Strong in all areas, The Queen Is Dead by The Smiths that can be enjoyed on many levels. With pleasant, catchy playing and wickedly witty writing, the album is full of depth. The more you listen to it, the more you see, the more you enjoy it.
Opening track The Queen Is Dead is a great example to demonstrate Morrisey’s writing skills. The song, and indeed the record, begins with an old World War One song, Take Me Back To Dear Old Blighty, whose nationalist sentiments contrast completely with the anti-monarchist themes contained within the song. Dear Old Blighty it is no more, with nine year olds now pedling drugs, and Morrisey feels lost and ashamed. He is particularly abashed of his distant royal relatives, in the same way Hyacinth Bucket feels about Onslow in Keeping Up Appearances, and humourously uses the born into the royal family idea against itself.
“And so I checked all the registered historical facts
and I was shocked into shame to discover
how I’m the 18th pale descendent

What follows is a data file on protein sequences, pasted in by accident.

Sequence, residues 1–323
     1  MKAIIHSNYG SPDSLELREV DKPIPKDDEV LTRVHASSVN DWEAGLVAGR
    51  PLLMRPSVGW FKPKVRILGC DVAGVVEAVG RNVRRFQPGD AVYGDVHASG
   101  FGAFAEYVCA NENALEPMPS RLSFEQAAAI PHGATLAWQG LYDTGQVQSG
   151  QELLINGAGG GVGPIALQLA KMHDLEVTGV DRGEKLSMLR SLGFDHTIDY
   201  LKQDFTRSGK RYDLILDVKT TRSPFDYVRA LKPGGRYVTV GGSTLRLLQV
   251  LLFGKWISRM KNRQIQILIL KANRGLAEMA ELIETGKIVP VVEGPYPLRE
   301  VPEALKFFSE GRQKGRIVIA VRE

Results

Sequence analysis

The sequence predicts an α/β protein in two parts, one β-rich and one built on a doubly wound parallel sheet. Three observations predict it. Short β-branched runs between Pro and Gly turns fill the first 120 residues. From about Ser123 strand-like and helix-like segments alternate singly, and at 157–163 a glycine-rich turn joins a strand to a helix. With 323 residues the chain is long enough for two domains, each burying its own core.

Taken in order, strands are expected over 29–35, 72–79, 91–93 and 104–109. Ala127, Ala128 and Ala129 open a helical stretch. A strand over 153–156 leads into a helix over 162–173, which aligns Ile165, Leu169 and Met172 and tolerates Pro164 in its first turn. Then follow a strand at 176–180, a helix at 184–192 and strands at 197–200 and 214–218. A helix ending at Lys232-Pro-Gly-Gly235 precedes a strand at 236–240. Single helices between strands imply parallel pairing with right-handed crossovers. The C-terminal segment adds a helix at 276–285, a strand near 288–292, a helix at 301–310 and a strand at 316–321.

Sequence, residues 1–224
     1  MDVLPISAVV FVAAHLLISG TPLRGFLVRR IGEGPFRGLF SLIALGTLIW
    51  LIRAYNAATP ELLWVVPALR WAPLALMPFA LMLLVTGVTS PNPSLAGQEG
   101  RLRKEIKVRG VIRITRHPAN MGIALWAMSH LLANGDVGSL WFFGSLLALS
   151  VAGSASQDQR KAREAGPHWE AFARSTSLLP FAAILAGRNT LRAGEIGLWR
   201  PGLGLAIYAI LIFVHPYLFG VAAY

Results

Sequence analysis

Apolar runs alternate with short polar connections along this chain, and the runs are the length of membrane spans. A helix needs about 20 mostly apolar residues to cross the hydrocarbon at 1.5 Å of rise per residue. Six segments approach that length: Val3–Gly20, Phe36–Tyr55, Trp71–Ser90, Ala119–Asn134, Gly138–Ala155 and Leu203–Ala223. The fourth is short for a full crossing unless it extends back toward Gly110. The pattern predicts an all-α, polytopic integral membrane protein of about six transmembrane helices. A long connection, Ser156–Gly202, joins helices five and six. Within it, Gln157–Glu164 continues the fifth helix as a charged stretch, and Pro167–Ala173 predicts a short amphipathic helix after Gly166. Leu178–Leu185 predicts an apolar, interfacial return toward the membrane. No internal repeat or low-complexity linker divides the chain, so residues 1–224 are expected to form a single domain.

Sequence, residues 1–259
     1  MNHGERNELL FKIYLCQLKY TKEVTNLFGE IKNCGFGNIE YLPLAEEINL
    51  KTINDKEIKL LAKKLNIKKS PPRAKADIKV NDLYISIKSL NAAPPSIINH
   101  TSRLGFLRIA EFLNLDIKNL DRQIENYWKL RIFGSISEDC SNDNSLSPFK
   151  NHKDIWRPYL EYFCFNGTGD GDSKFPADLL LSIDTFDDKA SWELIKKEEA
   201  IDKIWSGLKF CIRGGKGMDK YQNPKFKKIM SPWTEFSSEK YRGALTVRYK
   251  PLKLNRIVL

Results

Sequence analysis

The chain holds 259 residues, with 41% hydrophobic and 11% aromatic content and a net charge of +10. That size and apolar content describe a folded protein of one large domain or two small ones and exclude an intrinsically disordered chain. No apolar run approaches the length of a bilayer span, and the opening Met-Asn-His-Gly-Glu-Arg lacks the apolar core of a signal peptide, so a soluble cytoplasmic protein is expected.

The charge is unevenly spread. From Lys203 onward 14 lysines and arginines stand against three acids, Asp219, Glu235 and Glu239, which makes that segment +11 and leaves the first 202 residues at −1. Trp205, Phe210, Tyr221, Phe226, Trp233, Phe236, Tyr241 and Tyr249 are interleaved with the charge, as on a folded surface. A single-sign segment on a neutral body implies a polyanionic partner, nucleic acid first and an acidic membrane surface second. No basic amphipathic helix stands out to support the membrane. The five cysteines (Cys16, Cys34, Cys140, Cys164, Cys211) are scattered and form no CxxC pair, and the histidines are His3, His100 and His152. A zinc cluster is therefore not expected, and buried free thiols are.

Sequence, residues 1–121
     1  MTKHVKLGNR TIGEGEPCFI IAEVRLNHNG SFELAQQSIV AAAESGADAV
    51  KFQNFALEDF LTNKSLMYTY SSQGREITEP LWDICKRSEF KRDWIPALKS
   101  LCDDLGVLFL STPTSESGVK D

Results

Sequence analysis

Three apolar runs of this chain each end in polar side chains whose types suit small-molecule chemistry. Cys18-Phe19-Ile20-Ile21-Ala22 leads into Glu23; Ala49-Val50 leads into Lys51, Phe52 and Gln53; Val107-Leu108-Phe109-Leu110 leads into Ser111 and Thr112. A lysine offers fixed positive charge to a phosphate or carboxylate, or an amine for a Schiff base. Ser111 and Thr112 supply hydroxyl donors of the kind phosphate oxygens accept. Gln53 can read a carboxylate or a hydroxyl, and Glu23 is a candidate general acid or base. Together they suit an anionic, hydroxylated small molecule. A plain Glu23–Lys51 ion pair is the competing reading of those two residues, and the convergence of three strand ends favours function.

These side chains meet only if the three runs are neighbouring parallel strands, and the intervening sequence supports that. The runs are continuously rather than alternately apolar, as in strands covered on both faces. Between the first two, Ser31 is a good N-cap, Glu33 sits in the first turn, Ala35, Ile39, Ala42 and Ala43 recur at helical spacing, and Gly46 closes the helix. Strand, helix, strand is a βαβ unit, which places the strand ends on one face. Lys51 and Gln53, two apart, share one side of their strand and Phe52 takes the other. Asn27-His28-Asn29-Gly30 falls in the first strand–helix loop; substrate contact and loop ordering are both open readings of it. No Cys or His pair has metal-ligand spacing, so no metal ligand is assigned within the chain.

of some old queen or other.”
This intelligent use of wit is a fantastic trait of Morrisey, and numerous examples are woven into every song.
“Oh, I didn’t realise that you wrote poetry,
I didn’t realise you wrote such bloody awful poetry”
Morrisey’s writing is very poetic, with imagery and adjectives galore – “loud, loutish lover, treat her kindly”, each word carefully chosen for its sound and its meaning. This is reflected in his unique singing style, the way he pronounces every word. He nods to many of his influences, namedropping poets and borrowing their lines. Cemetry Gates, ironically a song slamming plagiarism, is full of these allusions, stealing lines from the film The Man Who Came To Dinner and from Shakespeare’s Richard III.
More than confident, Morrisey’s delivery is cocksure and self-obsessed. (I remember seeing him live he wore a largely unbuttoned pink shirt, rubbing his chest in an erotic manner.) Whereas in ordinary boys these traits would be negative, Morrisey pulls it off and his exhuberance fits the music perfectly.
But Morrisey is only half the story. Beneath his singing lies the fantastic guitar work of Johnny Marr. Melodic and generally upbeat his playing has a pleasant bouncy feel about it, as on The Boy With A Thorn In His Side, but can also be slower and darker, as on Never Had No One Ever. Marr has left a powerful legacy on the music world, being a huge influence to bands like the Stone Roses, Oasis and Radiohead.
My highlight of the record is the amazing I Know It’s Over. Beginning with a soft whisper and the slow-pacing bass, the song builds fantastically, through excellent drumming, great guitar-playing and the ever more passionate singing of Morrisey, into a powerful cry.